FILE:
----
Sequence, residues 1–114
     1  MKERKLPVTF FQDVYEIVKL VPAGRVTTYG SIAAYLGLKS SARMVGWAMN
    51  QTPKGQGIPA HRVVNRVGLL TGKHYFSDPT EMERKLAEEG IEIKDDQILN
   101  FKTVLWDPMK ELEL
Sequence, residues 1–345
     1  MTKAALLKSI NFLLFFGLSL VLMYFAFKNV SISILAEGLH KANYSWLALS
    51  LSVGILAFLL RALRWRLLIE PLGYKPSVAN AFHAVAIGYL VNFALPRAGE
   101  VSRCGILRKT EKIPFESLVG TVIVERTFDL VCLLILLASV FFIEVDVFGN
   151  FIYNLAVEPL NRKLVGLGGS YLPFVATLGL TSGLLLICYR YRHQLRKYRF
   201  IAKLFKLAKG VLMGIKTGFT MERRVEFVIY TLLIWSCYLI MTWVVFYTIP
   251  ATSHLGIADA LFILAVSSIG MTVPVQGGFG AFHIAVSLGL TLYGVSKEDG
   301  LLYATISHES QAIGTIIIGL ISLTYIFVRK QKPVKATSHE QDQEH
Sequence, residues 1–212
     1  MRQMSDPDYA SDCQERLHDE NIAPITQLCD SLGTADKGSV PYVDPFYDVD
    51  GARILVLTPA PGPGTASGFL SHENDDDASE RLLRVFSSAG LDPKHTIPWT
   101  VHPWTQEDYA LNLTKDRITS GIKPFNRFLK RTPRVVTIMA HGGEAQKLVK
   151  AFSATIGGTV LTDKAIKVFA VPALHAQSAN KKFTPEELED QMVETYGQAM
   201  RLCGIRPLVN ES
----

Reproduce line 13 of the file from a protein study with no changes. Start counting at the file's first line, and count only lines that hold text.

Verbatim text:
Sequence, residues 1–212